Another well loved family staple has become the latest to fall victim to shrinkflation as Kellogg’s cornflakes whittle down the size of their box while the price remains the same.
The standard box of cereal now stands at 720g, down from 790g, but still costs the same £2.69.
Between 2015 and 2017 more than 206 products have shrunk in size while prices remain the same. according to a study by Office for National Statistics.
These products include much loved sweets such as M&Ms, Terry’s Chocolate Orange, Toblerone and Malteasers.
The standard box of Kellog’s cornflakes cereal now stands at 720g, down from 790g, but still costs the same £2.69
Kellogg’s said its packets were getting smaller in an effort to reduce overfilling and the contents becoming crushed and added that their Crunchy Nut box had grown in size from 750g to 840g.
Prices tend to stay the same when products change size, the ONS said, consistent with the idea that some products are undergoing ‘shrinkflation’.
Historically the size of boxes has grown – a packet of Kellogg’s Corn Flakes in 1971 was 16oz approximately 453g
While the statistics agency said manufacturers had blamed the drop in size on the rising cost of raw materials, it dismissed the idea of Brexit being a factor behind the shrinkage.
Despite the collapse in the pound following the Brexit vote driving up costs for businesses, the ONS said the shrinkflation trend remained ‘stationary’ in the period following the referendum.
There are several examples of shrinkflation since 2015.
In June 2017, it emerged Andrex trimmed its loo rolls by 21 sheets, down to 200.
Just months earlier Peperami shrunk by 2.5g, weighing 22.5g compared to 25g.
Bags of Doritos were also hit by Shrinkflation in april 2017, with sharing bags dropping from 200g to 180g – despite no change in price.
Mars announced in March 2017 that bags of Maltesers, M&M’s and Minstrels were getting smaller, shrinking the pack sizes by up to 15 per cent.
Some of the products that have shrunk over the last few years for British shoppers
Data from the Office for National Statistics (ONS) revealed that 206 products shrank in size (blue bars) between September 2015 and June 2017 while far fewer came in bigger packets (red bars)
Maltesers sharing backs went from 121g to 103g. Other products to shrink included Birds Eye fish fingers – with the number of fingers dropping by two in a pack, and Kellogg’s Coco Pops.
Mike Hardie, head of inflation at the ONS, said: ‘Over the last few years, consumers may have noticed that some companies have reduced the size of their products while the price remained the same, which is often attributed to operational and material cost rises.
‘Our updated analysis of this subject indicates which type of products have decreased in size.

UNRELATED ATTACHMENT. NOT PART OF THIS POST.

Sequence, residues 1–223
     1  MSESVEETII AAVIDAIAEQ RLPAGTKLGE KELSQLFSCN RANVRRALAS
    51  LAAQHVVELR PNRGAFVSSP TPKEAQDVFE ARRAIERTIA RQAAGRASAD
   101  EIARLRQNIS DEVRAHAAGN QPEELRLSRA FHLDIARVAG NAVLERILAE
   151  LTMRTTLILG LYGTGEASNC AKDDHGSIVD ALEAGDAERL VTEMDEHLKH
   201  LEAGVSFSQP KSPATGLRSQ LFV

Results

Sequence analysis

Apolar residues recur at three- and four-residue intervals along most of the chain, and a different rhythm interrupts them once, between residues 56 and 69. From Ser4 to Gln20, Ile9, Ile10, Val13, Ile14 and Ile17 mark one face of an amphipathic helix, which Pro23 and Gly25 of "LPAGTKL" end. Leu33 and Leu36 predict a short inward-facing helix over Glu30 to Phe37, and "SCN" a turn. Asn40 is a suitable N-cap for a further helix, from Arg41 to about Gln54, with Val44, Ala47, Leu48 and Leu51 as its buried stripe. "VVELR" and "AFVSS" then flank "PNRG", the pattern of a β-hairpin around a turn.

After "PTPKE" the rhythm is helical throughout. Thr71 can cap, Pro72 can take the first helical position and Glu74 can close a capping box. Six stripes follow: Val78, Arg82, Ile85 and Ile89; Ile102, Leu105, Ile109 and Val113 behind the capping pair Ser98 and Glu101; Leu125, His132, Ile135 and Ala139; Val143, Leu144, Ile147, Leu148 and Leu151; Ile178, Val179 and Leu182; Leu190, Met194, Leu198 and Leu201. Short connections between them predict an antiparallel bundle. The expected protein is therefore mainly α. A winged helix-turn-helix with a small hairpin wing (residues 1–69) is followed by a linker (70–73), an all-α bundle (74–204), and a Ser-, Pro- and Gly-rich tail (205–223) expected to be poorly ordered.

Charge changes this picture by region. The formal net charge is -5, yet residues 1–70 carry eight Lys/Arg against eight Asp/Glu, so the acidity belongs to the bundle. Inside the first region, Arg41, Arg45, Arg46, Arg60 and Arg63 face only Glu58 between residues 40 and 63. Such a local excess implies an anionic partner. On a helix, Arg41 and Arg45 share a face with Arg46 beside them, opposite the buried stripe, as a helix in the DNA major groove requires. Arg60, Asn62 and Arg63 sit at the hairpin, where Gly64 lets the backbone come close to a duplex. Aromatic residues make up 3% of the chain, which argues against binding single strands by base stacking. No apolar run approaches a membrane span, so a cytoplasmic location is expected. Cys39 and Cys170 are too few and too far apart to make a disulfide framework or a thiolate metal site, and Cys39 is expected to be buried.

Shrinking chocolate bars, cereal boxes and loaves of bread (file image) have contributed to a rise in ‘shrinkflation’ in Britain – but it is not due to Brexit, new figures show today
Examples of ‘shrinkflation’ has hit products including Andrex, Doritos, Peperami, Bird Eye Fish fingers, Coco Pops and Maltesers. This graphic shows the shrinking sizes
‘The majority of size changes occurred in the food and drink sector. Every day staples such as bread and cereal are most likely to have seen reductions in size, while consumers may also find some chocolate products to be smaller now than they once were.’
Products within the food and drink category accounted for 70 per cent of the size reductions recorded by the ONS.
Non-food categories that saw the most changes in size – both reductions and increases – were appliances and products for personal care (such as toilet rolls, nappies and tissues) and non-durable household goods, including kitchen roll and washing-up liquid.
While a total of 206 products shrank in size between September 2015 and June 2017, 79 products increased in size.
Bread and cereal products saw the greatest frequency of changes in size in both directions.
Earlier this year Walkers faced a social media backlash after multi-packs of their crisps shrunk by two packets in a year according to an investigation by The Grocer Magazine.
In Asda the Walkers Variety pack, once £2.25 for 12 x 25g packets is now £2 for 10, losing one cheese and onion and one ready salted pack.
Morrison’s larger Walkers Variety pack has also shrunk by two packets now containing 18 rather than 20 x 25g packets but sticking at £3.
The childhood favourite Wotsits are now on average 24p more than last year – £1.56 for a six pack and a bag of Squares is 5p more expensive than last year, according to The Grocer.
Walkers manufacturer PepsiCo did not comment, while KP Snacks – owner of Hula Hoops and Pom-Bear, said: ‘shelf prices are at the sole discretion of our retailers’.
A graphic showing the inflated prices and decreased sizes of crisp brands
AHDB Potatoes said the shrinkage seen in many brands of potato based snack was due to a poor potato harvest causing a potato shortage which has driven the price of the raw material up.
They said: ‘Growers were battling extreme heat and a shortage of water last year, the combined June and July period was one of the driest on record.
‘We ended up with a relatively small harvest, and these are the potatoes being used to make the crisps we love now.
Brands enjoyed by generations of snackers were not the only ones to suffer from the hike in potato prices with many supermarket own brands also putting up their prices
Craig Keeling expresses his annoyance at finding only seven Monster Munch in a packet
Another Twitter user by the name ‘slipnslide’ was angry at the waste of packaging as the bag was not full
Gareth Parkin expressed his confusion over losing 20g of crisps, Walkers responded that they do still sell the larger packs and they have both sizes in their range